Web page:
The Industry, Government and Decision-Making

  • John H. Drabble
Part of the Studies in the Economies of East and South-East Asia book series (SEESEA)


The operations of the rubber industry in Malaya came to involve a close relationship with government in the making of policy-decisions on a wide range of matters, such as taxation, research, restriction of exports, etc. This relationship was mediated through an increasing number of institutions originating on both the commercial and official sides (e.g. associations, committees), as well as interpersonal contacts within and between the two spheres. The policy issues affected all categories of producer but, as the Chief Secretary’s remark cited above indicates, the industry was unable to represent its views to the government with anything approaching a united front. What this comment does not acknowledge, however, is that the government was not a monolithic institution either. There were divergencies over policy between the colonial and metropolitan governments, and between the various offices in the latter (Colonial Office, Treasury, Cabinet, etc.). Moreover, at crucial points in the formulation of policy, powerful individuals in business and in government played decisive roles which neutralised to a large extent the more formal institutional framework as a mediator between the interests involved.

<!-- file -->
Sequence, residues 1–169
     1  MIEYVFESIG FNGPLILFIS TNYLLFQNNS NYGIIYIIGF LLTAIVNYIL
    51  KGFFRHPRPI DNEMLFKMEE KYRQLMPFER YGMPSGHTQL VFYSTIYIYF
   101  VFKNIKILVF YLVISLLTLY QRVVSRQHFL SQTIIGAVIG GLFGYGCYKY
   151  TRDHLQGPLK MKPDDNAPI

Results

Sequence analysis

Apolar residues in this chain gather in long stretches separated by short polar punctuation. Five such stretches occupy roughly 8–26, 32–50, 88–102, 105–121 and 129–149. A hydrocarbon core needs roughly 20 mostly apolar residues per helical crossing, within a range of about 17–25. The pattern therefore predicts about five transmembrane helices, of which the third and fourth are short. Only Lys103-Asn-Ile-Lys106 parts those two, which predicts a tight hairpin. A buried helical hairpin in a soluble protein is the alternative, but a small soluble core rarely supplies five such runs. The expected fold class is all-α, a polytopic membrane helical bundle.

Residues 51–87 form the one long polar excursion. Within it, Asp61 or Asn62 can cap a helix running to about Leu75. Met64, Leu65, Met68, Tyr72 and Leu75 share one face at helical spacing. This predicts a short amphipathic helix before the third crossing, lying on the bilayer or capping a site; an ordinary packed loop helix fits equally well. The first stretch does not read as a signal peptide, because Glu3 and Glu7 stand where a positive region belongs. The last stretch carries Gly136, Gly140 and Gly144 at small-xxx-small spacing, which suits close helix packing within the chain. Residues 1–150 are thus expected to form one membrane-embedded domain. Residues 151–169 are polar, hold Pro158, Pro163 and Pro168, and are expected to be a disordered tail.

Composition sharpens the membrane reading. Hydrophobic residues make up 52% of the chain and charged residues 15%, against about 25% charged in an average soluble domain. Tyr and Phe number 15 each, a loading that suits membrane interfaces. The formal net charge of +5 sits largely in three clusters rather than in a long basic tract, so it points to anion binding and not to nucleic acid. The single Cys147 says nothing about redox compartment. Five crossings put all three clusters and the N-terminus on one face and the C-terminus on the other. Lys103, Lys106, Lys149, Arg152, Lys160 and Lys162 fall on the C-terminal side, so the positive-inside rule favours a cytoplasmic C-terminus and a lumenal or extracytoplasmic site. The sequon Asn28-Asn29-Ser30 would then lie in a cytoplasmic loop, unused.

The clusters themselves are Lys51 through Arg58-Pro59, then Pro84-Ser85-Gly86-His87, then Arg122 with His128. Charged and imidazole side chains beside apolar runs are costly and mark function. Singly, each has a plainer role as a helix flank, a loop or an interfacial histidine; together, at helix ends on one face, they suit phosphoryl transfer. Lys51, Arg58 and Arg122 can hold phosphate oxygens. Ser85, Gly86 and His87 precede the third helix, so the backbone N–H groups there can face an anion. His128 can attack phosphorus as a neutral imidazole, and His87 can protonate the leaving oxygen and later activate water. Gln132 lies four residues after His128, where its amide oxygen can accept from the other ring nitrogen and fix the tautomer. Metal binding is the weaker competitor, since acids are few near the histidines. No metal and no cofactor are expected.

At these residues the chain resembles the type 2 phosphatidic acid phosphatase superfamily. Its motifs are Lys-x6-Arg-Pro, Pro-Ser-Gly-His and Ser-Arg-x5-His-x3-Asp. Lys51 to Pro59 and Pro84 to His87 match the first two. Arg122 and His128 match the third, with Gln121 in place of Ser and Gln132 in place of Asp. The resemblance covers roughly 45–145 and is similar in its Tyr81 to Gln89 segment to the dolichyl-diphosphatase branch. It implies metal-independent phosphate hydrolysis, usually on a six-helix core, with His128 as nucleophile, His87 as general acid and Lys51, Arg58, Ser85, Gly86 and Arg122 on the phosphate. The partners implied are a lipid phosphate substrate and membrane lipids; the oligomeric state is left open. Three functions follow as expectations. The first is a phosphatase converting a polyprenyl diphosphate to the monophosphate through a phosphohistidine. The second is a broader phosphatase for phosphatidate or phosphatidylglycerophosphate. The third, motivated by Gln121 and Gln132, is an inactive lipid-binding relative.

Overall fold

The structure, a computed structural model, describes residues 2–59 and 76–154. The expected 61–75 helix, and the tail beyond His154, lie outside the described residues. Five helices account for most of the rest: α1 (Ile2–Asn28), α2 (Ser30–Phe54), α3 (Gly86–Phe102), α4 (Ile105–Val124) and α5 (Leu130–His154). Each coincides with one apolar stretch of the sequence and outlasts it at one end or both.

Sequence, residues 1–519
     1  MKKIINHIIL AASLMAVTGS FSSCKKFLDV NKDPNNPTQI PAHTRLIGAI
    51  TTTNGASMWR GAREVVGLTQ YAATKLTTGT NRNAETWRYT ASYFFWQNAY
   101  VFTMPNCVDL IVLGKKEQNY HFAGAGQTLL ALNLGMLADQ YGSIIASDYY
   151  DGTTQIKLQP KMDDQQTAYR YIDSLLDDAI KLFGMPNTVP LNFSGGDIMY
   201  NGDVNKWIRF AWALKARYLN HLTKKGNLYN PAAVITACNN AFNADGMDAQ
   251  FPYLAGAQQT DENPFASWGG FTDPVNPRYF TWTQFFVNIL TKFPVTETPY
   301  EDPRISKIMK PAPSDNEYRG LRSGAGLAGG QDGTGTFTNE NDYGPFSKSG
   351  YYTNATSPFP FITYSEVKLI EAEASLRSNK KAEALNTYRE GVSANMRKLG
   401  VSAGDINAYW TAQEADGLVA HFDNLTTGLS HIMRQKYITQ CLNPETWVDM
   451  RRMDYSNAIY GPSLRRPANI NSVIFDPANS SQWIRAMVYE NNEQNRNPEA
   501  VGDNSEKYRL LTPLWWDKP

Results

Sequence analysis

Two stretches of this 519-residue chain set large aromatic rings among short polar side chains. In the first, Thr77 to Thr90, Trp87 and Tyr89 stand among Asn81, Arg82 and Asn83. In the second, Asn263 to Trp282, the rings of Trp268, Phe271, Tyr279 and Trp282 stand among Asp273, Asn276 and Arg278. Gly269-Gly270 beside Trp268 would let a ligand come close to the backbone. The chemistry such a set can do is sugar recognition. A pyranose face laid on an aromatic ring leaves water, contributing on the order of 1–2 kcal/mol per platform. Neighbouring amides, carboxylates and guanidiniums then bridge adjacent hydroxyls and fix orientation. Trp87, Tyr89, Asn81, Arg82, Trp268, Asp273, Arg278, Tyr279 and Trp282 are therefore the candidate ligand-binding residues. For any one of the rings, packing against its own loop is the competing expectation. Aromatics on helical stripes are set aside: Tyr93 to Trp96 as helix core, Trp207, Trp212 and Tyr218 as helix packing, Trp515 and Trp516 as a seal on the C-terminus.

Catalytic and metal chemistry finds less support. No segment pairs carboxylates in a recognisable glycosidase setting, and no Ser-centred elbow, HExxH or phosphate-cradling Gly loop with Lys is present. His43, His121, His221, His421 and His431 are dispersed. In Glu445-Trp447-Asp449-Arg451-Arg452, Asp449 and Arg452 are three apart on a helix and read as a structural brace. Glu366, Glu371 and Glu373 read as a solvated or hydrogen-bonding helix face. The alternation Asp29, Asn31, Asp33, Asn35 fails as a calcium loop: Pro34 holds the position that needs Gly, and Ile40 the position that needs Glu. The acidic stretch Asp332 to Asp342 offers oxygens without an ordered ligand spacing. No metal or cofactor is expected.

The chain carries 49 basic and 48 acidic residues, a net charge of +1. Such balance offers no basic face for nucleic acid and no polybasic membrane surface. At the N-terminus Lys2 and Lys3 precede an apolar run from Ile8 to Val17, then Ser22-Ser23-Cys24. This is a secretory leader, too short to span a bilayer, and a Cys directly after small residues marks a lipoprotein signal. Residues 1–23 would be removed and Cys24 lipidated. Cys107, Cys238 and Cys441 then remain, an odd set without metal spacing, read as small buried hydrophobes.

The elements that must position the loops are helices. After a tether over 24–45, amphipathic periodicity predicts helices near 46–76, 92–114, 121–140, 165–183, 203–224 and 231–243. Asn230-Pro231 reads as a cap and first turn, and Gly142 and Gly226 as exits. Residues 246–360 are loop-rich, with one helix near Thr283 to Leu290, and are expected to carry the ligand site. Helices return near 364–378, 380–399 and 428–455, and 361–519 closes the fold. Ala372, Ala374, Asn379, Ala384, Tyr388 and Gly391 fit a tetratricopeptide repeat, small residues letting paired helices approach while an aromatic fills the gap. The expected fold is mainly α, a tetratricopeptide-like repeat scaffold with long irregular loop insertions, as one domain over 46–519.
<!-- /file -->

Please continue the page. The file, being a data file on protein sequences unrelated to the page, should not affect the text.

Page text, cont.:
Advisory Committee Rubber Producer British Government Rubber Industry Agency House 
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© John H. Drabble 1991

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  • John H. Drabble

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